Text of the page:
posted by xueexueg at 1:21 PM on January 4, 2011 [2 favorites]


I used a lightbox for depression for a number of years and have found it very helpful in that regard, but I have no experience with light therapy for insomnia specifically.

Like Tim Ferriss, I'm not a doctor. I'm just somebody who's spent most of her life dealing with at-times suicidal depression. Could it be true that light therapy is ineffective and it's all just the placebo effect? You know what — I don't care. I do not give one flying fig. What I know is that it meant the difference between spending November through January exhausted and hopeless and spending November through January annoyed at the cold weather and eager for spring to arrive. From where I sit, that's a massive difference and well worth the $200 I paid for my lightbox when I bought it secondhand (from a psychiatrist who'd used it herself, incidentally, until she moved from Canada to SF and found she no longer spent winters wanting to kill herself).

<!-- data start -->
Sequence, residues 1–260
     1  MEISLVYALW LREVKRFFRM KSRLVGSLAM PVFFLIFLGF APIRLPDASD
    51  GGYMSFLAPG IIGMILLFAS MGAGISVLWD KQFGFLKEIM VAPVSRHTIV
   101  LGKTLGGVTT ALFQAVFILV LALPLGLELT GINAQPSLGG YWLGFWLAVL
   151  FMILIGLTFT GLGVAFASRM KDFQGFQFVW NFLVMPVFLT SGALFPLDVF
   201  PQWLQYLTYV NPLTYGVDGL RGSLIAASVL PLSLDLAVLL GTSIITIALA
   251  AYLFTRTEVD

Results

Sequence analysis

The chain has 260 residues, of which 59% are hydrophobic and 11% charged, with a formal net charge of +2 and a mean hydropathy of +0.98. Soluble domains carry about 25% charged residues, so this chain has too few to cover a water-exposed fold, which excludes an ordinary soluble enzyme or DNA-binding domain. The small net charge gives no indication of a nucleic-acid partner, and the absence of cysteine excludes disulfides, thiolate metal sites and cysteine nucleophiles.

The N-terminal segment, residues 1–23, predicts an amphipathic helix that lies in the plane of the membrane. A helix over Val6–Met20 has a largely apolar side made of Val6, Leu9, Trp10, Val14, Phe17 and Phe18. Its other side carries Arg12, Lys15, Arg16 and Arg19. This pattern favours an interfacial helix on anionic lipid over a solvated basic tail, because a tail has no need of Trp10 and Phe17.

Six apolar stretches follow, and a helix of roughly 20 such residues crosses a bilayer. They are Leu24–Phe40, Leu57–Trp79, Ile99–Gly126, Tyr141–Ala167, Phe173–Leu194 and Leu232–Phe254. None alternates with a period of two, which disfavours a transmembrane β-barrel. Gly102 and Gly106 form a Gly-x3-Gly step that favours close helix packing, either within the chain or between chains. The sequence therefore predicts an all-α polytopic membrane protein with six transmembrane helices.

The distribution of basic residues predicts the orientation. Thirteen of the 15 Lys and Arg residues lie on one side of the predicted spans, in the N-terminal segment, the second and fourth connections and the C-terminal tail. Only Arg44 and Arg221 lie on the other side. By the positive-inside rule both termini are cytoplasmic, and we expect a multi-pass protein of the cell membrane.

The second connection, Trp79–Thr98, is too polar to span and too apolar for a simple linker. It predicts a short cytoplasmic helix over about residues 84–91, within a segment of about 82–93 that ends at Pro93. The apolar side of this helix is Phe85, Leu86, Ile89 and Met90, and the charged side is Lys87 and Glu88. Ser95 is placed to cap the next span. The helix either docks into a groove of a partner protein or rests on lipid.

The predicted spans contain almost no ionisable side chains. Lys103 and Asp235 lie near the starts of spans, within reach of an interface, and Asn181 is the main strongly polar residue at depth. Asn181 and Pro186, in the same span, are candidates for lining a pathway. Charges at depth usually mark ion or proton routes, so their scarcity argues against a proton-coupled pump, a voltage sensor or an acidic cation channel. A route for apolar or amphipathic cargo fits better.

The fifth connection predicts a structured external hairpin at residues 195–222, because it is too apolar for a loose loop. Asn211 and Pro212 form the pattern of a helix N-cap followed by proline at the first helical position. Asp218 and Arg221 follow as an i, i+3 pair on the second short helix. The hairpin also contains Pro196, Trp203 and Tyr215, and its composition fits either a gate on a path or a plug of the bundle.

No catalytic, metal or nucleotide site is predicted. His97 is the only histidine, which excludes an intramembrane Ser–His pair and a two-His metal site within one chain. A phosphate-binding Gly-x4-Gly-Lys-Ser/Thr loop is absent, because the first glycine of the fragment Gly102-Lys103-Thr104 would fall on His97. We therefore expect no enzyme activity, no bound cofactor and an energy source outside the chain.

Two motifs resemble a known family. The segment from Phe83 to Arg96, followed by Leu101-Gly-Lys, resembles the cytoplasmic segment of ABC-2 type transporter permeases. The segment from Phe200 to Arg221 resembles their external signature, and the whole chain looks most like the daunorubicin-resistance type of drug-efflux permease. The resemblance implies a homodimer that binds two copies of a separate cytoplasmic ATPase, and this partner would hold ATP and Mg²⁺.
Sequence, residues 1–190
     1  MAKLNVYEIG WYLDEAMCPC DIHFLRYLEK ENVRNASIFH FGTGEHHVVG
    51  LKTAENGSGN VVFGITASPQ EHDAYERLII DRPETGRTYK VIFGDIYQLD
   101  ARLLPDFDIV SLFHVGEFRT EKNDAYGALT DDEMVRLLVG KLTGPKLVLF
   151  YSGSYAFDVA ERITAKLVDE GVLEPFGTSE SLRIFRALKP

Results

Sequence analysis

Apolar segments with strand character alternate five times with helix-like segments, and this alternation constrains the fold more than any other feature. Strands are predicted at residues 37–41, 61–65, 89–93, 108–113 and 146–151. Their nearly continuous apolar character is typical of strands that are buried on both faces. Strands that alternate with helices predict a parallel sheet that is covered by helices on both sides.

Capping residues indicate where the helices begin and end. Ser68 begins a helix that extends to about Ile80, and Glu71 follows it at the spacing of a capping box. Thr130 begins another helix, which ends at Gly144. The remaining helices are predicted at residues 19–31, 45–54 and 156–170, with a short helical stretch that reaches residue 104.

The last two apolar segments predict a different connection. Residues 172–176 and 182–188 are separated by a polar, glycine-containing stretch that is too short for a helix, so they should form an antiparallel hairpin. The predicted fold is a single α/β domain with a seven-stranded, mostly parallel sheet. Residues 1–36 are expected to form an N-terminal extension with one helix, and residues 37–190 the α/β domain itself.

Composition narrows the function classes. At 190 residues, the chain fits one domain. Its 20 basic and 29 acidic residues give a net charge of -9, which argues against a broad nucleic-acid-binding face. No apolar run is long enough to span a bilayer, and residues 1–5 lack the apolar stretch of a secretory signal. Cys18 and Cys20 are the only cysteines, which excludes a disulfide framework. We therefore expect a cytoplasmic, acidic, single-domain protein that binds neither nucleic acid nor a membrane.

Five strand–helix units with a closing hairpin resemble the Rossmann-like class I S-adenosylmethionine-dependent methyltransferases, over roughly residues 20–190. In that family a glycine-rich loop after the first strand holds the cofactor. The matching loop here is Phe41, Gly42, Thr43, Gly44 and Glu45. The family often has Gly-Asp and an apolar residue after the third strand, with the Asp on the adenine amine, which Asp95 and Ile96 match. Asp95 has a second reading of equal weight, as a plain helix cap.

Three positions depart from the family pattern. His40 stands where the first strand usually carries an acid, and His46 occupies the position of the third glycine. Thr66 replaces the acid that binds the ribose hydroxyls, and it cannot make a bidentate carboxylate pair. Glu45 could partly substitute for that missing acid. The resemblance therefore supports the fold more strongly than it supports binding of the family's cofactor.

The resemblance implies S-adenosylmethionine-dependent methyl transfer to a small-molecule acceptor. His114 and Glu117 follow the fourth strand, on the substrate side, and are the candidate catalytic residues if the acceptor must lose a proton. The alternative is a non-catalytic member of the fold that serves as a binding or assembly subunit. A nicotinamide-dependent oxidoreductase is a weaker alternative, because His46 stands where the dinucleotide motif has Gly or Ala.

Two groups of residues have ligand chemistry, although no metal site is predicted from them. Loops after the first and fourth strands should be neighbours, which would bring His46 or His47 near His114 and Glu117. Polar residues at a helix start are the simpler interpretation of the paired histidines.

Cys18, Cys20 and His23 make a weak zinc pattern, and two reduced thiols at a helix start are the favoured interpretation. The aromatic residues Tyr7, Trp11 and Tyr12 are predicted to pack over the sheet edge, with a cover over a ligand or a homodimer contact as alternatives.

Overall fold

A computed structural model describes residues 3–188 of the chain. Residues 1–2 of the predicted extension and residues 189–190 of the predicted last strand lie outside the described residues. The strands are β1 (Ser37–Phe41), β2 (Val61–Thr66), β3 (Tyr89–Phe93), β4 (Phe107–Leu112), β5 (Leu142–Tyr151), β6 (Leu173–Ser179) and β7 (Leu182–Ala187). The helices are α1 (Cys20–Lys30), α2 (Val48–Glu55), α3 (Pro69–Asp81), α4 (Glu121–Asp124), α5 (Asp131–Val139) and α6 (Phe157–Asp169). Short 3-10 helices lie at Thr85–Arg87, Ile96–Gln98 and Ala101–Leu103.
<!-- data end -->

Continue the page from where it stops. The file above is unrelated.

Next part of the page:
posted by Lexica at 6:02 PM on January 4, 2011


There are many, many reasons people have trouble sleeping

This is the crucial point.

Modifying your circadian cycle will only help if that is your actual problem [and you can do that for free by increasing your outdoor sun exposure].

Asking 'does therapy X work' for a problem for which there are many causes isn't going to help much, if it works at all, it will only work for those affected by the particular root cause the therapy addresses.

My advice is to concentrate on working out the reason for your sleep problems - you can use daylight therapy to modify your circadian cycle for free as I said, and if this helps you may find an artificial device such as this convenient, however if your insomnia stems from another cause, this device would be a waste of time & money no matter how many glowing testimonials you may read about it.
posted by HiroProtagonist at 6:04 PM on January 4, 2011 [1 favorite]